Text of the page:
A broad-based effort, a broad-based need

A broad-based effort, a broad-based need

To the Editor:

Jack Shea’s recent article ["Vineyard applicants find affordable housing is not so affordable," January 26] tells a grim and accurate story about affordable housing on Martha’s Vineyard, but there is more to tell. Habitat for Humanity of Martha’s Vineyard has been building houses with Island families for 10 years – and it has not found itself short of qualified applicants. The model is a bit different – Habitat builds houses with the direct participation of the homeowner and the community as a whole. Most importantly, no banks are involved – Habitat holds the mortgage. However, it is challenged by the limited financial and other resources on our Island.

Habitat’s mission is to help families who are no different from those described in the article, except they earn less, putting traditional bank financing just out of reach. To deal with that problem, Habitat offers a different approach to home financing. We require minimal cash down payments and provide a zero percent mortgage to make sure a homeowner’s monthly payments are affordable. On the face of it, that may appear like a giveaway, but it is far from it.

Every Habitat family must agree to a “down payment” of 500 person-hours of time (350 for a single-parent family) actively helping to construct the house they will live in. Furthermore, we require financial qualification. Mortgage payments, while affordable, are very real, with due dates and late payment penalties. Because we handle our own financing with interest-free loans for our homeowner-partners, the tedium and uncertainty of the long bank mortgage application process is avoided.

The other part of the affordability calculation is ongoing costs beyond mortgage payments. To that end, the housing community has worked hard to build efficient, low-maintenance houses that keep energy and other costs low. We have been criticized for building “too much” house, but the slight extra cost means homeowners can worry less about how to make ends meet, allowing them to work and live comfortably in our community. Community stability is ultimately what we are about.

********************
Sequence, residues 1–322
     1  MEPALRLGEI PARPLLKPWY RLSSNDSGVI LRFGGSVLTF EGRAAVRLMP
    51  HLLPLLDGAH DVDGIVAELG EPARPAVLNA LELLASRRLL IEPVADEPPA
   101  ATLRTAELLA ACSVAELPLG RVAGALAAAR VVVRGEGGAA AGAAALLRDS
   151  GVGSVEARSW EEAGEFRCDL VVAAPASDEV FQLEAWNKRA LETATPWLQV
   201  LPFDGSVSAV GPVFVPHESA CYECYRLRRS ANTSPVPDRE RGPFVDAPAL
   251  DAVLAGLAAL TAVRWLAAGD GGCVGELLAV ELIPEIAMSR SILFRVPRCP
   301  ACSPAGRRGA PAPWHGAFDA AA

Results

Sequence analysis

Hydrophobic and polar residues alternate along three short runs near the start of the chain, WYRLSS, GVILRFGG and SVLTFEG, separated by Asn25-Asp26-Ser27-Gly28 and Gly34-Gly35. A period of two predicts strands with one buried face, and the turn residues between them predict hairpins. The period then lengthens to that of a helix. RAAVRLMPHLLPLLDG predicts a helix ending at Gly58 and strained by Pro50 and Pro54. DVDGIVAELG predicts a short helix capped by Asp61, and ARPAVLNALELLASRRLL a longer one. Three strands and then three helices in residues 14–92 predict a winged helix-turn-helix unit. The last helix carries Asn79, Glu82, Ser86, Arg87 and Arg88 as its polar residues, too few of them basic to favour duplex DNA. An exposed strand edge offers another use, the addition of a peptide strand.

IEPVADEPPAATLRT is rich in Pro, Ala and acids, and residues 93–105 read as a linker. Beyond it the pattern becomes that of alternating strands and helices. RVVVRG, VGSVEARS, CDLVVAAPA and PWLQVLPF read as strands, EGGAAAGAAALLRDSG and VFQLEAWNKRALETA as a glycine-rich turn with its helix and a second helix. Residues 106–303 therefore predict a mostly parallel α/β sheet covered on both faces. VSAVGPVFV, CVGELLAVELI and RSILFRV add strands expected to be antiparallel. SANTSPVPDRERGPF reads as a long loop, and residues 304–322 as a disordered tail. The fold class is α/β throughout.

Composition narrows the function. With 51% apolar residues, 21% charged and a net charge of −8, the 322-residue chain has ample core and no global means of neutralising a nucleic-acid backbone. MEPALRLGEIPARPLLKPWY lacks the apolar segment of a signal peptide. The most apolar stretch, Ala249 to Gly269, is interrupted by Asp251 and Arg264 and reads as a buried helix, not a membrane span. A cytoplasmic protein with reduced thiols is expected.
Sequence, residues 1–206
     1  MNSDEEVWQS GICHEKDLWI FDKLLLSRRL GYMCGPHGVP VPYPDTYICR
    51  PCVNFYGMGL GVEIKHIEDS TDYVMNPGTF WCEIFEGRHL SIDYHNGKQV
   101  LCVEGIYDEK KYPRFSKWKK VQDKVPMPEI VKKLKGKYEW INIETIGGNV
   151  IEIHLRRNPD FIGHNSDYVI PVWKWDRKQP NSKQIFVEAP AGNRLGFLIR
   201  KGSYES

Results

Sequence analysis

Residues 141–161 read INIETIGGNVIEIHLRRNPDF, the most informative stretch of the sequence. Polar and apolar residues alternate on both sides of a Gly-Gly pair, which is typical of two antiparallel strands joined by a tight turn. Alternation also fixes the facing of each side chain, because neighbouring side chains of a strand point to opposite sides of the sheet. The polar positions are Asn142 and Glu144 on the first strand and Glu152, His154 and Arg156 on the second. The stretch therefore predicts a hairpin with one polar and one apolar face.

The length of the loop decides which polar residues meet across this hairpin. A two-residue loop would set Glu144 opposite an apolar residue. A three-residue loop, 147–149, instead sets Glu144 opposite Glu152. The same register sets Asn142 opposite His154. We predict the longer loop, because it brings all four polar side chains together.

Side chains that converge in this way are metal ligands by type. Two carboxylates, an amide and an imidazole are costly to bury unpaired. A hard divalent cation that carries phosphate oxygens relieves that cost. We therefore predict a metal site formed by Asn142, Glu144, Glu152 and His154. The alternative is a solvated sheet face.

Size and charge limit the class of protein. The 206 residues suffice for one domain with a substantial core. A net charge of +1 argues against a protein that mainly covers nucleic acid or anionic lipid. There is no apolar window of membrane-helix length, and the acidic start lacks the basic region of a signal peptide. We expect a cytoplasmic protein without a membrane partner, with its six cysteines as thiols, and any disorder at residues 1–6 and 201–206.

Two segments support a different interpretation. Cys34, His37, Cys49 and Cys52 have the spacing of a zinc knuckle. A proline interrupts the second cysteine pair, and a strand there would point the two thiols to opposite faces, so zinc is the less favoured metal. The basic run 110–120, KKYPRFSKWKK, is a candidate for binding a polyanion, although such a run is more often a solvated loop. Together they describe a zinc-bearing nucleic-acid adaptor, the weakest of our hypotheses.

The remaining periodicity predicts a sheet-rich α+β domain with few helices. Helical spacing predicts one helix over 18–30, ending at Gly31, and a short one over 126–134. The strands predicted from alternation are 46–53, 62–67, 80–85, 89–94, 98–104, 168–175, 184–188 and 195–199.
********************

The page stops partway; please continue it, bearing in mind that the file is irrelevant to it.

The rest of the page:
Unfortunately, Habitat faces limits in our ability to build. This year we should complete our tenth house. We are very proud of what we do — nothing can beat the gratification of helping to stabilize a family and seeing the broad smiles that brings. While we are thrilled to make such a huge difference in a family’s life, we make a small contribution in terms of numbers of units here on the Vineyard.

Our partnership building model is sound, proven over hundreds of thousands of units worldwide. But we’re dependent on the degree to which a community can donate time, material, and money. On our small Island that has historically meant that we can afford to build about one house per year, which limits our ability to provide homes for our many applicants. While we have managed to build more affordable housing in recent years, global economic conditions put significant pressures on donors and volunteers, who have to balance priorities in a tight economic climate.

The solution to our housing shortage is the coordinated efforts of many organizations in our community – towns, the Island Housing Trust, Dukes County Regional Housing Authority, Habitat for Humanity of Martha’s Vineyard, Martha’s Vineyard Housing Fund, Island Elderly Housing and others. We routinely work together on projects to accomplish the broader goal, but no one of us can cure the housing issue alone. There’s plenty of work to go around. We all need the help of the community to fulfill our goals.

Neal A. Sullivan

John Richardson

Doug Ruskin